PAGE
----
Armenian Border Doubts

Armenian border villagers distrust moves to open up to Turkey.

Armenian Border Doubts

Armenian border villagers distrust moves to open up to Turkey.

Thursday, 3 September, 2009
Armenians living along their country’s border with Turkey are deeply distrustful of moves by politicians to build ties with the neighbouring state, saying they fear a repeat of the massacres of 1915.

The founders of the village Bagaran were refugees from an Armenian village of the same name in what is now Turkey, who were driven from their homes by the campaign against them during World War One. The Turkish government denies that the killings were genocide, and the villagers see that as a sign that the Turks are still not to be trusted.

“I have the writings of my grandfather, who came from western Armenia,” said Maria Mkrtchian, a 55-year-old resident of Bagaran, referring to the region in what is now Turkey where Armenians once lived.

“They lived through an unbearable nightmare. When they heard the soldiers were coming to their village, they built a bridge in just three days and crossed over the river Akhuryan, which had burst its banks. When I read about this, the thought of that nation makes me feel terror and fear, and no matter how much the politicians talk about there being no danger, I am still scared,” said Mkrtchian, a teacher of Armenian language and literature in the local school.

Bagaran sits on the banks of the Akhuryan river, which forms the border here.

The Turkish-Armenian border has been closed since 1993 when Turkey decided to support its allies in Azerbaijan in their war with Armenia, when Armenians seized control of the region of Nagorny-Karabakh. The villagers would like to see a relaxation of the current tough border controls, which are here enforced by Russian border guards sent by under a Russian-Armenian pact, but are suspicious of any move to open the border itself.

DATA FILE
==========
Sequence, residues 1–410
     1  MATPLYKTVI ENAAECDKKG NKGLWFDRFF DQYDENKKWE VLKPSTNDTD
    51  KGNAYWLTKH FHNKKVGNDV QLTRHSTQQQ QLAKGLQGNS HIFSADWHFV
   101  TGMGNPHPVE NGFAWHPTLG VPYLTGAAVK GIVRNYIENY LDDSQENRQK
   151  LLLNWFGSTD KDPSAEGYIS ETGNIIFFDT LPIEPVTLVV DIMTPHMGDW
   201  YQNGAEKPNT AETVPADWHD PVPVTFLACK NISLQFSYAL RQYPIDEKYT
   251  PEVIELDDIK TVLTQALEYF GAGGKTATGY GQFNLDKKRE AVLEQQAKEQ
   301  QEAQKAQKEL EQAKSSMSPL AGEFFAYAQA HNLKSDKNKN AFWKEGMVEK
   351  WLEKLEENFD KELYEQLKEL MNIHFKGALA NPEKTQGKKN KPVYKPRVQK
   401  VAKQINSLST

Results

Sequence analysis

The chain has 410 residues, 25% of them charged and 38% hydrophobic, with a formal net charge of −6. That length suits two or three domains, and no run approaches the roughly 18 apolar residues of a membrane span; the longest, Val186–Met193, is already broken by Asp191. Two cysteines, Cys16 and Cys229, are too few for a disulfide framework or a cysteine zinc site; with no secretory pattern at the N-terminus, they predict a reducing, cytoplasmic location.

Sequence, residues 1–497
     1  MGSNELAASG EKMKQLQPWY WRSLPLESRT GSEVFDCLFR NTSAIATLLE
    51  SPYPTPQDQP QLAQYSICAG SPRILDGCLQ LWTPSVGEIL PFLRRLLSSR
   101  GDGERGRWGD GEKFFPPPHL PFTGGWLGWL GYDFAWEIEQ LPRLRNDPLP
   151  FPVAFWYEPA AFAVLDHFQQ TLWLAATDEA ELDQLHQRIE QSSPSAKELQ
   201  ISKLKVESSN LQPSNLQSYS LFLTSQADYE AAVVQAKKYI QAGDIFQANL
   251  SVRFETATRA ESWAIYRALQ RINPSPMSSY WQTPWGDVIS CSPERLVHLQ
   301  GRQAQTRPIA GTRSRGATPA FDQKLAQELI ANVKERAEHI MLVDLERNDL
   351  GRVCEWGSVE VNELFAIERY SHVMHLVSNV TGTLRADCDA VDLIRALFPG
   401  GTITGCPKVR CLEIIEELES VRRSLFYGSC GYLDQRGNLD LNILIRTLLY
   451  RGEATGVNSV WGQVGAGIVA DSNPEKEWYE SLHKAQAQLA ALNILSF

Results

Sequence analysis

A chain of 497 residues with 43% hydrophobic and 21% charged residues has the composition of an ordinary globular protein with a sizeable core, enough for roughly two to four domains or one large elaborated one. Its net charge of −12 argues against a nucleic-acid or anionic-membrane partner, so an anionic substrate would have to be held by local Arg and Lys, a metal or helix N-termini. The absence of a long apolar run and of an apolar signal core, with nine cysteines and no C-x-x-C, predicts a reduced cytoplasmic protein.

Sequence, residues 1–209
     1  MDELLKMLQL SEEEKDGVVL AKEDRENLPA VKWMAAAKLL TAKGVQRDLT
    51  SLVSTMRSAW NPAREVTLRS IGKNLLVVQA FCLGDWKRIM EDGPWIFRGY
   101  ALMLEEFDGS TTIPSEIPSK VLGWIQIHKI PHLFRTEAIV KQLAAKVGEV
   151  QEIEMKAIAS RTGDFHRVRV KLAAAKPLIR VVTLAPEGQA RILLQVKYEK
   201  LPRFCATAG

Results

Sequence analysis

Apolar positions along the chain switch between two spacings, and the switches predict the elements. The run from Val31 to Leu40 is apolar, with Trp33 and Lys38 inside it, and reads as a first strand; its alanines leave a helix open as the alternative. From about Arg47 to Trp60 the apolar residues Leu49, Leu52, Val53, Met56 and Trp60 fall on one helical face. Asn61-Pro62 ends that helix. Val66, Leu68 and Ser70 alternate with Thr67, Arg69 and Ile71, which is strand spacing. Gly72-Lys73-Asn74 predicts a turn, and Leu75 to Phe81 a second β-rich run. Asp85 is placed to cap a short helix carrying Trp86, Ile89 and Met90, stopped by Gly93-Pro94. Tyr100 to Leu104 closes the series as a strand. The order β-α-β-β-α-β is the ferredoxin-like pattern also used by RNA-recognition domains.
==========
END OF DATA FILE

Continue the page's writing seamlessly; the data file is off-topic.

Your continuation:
“The only thing that concerns me is economic aggression. They will fill the Armenian market with the same goods, just at lower prices. We will be ruined, we will have to sell our property and even our land. If there is no way of earning, that’s what will happen,” said Sanasar Harutinian, the 52-year-old head of the village administration, in a viewpoint that is widely held here.

“It would be better if they left things as they are. Some people say that opening the border will benefit us; that trade will start developing. But all the same, there are Turkish goods in our market anyway, so what is the sense in formally opening or closing the border?” asked 37-year-old science teacher Arshak Melqonian.

“Whatever happens, it is the peasants who guard the border, and who therefore receive the first blow. The state should be more concerned about the population of the border villages.”

But it is not a universal opinion. Davit Danielian, a 58-year-old accountant in the local administration, said that opening the border would help develop the economy and keep young people in the village. He said the border regime had relaxed since Soviet times, when there was even a case of a woman in labour not being allowed to leave the village because her papers were not in order, and it was time to move ahead in other ways too.

“Relations will be built with the neighbouring Turkish village, movement between us will start, and mutually beneficial trade too,” he said.

“The people have changed, times are not what they were. Maybe they were ignorant in 1915, when all this happened, but what can happen now?”

Davit Muradian is a reporter from the Ar television company in Yerevan.
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